The best way to normalize chances in a two-player game?

We face the following problem in our now-in-development game Battle of the Pucks. Its idea came from a Russian board game Chapayev. It’s a 2-person (or a person vs. computer) game where the first player has a noticeable advantage. The classic rules call for the first player to continue making moves until he/she makes a mistake, then the turn goes to the second one. In some cases, this results in the first player winning a round (or even a few rounds in a row) without letting the other person to make a move at all. We keep arguing between ourselves on what should be the best approach to equalize the chances:

  • Keep the classic rules intact: the first player continues playing until a mistake is made
  • Limit the total amount of moves a person can make in a row
  • Always change turns after each move
  • Always change turns at the beginning of each new level
  • Make two rounds for each level, to give each player an opportunity to move first

What would be your thoughts on this?

I like these two ideas, because to me they seem the most fair:

  1. Always change turns after each move
  2. Always change turns at the beginning of each new level

I’m leaning more towards #2 so it won’t really break momentum of a single player’s turn.

First, looks well done so far.

If you want to keep it true to the original game, but keep a balance…

Because of the distinct advantage the first player gets, maybe have like a coin toss, or a “who can get closer to the edge without going over” takes the first move… maybe just for the first round.

Then, have the players swap first play each round.

That’s what I’d be thinking at least.

IMO the large 1st-player advantage given by the rules necessitates multiple games for each level, with serve alternating between players.
Victory would then require a 2 game lead (break their serve & hold yours).
Basically Tennis tie breaker.

1st serve wouldn’t matter, so decide it with a hidden coin toss.

It’d elongate each level, but it seems to me all the other alternatives are radical departures from the classic game.

I’m not sure of the direction you would like to take the game, but…

Another option would be to add dynamics to the game that give you more of an advantage the less pieces you have left on the board. (such as more moves for less pieces or some kind of power-up, etc.)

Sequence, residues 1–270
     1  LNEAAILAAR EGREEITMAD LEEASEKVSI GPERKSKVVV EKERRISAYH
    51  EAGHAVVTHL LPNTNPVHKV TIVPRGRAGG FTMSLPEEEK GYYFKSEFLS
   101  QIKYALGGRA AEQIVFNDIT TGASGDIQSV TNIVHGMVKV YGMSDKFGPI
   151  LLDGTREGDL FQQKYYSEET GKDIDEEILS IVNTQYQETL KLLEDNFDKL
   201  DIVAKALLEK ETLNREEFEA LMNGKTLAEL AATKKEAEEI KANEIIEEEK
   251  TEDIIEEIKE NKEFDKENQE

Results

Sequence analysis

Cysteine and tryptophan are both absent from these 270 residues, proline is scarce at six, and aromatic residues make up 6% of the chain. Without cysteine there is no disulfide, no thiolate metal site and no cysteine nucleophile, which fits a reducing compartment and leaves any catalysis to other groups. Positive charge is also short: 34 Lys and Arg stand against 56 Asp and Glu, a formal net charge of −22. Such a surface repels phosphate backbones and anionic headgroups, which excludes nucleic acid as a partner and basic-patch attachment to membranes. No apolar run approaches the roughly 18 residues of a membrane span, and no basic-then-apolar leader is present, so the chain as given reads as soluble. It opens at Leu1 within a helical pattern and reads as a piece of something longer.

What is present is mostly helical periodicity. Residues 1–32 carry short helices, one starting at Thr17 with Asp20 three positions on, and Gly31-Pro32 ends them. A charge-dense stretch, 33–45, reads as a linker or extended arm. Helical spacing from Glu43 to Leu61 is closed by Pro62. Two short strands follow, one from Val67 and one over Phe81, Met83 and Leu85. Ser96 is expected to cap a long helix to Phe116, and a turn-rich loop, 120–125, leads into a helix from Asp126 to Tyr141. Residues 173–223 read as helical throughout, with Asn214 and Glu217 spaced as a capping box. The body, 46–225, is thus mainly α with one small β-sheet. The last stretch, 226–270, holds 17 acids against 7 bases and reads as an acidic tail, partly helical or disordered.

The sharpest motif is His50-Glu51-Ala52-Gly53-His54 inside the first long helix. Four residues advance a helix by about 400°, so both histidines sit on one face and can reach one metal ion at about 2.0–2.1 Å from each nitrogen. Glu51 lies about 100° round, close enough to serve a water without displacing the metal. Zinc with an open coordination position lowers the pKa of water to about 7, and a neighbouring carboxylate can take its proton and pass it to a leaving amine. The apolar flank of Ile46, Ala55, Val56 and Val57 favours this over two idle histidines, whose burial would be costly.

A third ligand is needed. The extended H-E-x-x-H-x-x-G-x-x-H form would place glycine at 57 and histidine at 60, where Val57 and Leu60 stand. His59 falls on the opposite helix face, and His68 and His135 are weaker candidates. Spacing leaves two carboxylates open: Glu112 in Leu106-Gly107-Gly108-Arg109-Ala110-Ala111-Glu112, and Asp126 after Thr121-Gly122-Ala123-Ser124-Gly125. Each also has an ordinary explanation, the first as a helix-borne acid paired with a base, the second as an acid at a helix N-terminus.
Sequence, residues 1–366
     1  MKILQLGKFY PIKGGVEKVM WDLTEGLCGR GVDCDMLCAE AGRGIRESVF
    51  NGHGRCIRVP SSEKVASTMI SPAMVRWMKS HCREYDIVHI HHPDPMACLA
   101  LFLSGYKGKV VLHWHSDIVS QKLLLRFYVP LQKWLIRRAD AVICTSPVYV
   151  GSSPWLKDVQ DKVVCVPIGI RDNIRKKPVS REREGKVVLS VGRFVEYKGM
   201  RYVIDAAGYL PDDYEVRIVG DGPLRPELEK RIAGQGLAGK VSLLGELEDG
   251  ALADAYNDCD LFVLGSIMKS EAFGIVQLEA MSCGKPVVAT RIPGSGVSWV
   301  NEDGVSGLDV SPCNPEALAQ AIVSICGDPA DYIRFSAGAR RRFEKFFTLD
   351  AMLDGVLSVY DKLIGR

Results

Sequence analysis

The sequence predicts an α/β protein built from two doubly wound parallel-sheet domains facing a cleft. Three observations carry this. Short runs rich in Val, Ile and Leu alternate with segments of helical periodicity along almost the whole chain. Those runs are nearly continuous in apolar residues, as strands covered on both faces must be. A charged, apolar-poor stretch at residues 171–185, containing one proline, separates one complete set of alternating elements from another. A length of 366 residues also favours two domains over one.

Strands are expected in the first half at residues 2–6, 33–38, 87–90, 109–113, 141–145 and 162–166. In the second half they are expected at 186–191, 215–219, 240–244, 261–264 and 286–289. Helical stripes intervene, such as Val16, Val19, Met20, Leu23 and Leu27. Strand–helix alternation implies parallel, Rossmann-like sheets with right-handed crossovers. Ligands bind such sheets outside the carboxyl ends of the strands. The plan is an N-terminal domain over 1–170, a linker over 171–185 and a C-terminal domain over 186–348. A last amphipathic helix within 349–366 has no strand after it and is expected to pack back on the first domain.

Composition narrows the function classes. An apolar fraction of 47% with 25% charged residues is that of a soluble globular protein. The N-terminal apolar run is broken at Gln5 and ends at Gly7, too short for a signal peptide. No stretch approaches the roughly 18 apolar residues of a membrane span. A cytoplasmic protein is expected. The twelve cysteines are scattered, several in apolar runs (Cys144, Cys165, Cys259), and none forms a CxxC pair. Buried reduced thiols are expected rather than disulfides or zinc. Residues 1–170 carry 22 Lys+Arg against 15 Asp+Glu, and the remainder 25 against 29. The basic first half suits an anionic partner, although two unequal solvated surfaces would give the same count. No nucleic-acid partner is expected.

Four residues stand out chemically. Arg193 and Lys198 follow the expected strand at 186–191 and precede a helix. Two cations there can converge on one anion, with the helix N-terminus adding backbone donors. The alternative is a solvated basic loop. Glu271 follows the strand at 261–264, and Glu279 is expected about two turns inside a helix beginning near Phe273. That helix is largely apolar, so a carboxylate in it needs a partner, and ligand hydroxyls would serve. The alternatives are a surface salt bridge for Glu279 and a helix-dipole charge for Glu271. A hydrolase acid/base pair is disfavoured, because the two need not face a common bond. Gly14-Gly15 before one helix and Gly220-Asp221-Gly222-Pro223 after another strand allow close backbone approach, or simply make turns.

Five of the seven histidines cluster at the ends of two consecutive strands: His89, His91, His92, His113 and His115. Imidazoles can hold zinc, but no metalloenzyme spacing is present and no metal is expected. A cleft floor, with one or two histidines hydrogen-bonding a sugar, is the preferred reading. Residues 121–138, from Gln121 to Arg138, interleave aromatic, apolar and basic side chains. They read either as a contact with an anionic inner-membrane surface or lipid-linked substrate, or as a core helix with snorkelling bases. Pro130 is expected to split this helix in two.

An alternative to this would be to make things more difficult for the player for each turn they take (in a row).

From the options that you have listed, however…

Limiting the moves will reduce the “skill” factor of the game.
Keeping the classic rules would hit home with some people, but most might find it obnoxious (depending on how easy it is to clear the board on your first turn)
Each of the others would keep the game fairly balanced.



At the end, we decided to implement the following approach:

  1. Each player continues to shot until a mistake is made.

  2. After a level is finished:

  • In a game against the computer, the human always moves first, giving him/her an advantage (as you are willing to win when you play alone, right?). The most difficult part is to adjust the smartness of the computer accordingly, to match your level and give you a feeling of an honestly earned victory. Personally, I like to finish with a score such as 11:9 or 12:8. Losing is not nice, and winning with a big difference like 16:4 feels not interesting enough.

  • In a two-person game, we give two rounds for each level, so that each player would have an opportunity to move first. In this case, you might have a minuscule advantage it you are the second player to start a round (as you could see whether the initial moves of your opponent were good or bad and change your strategy accordingly). But it will disappear after both of you played the whole game a few times and already know how to better deal with each level.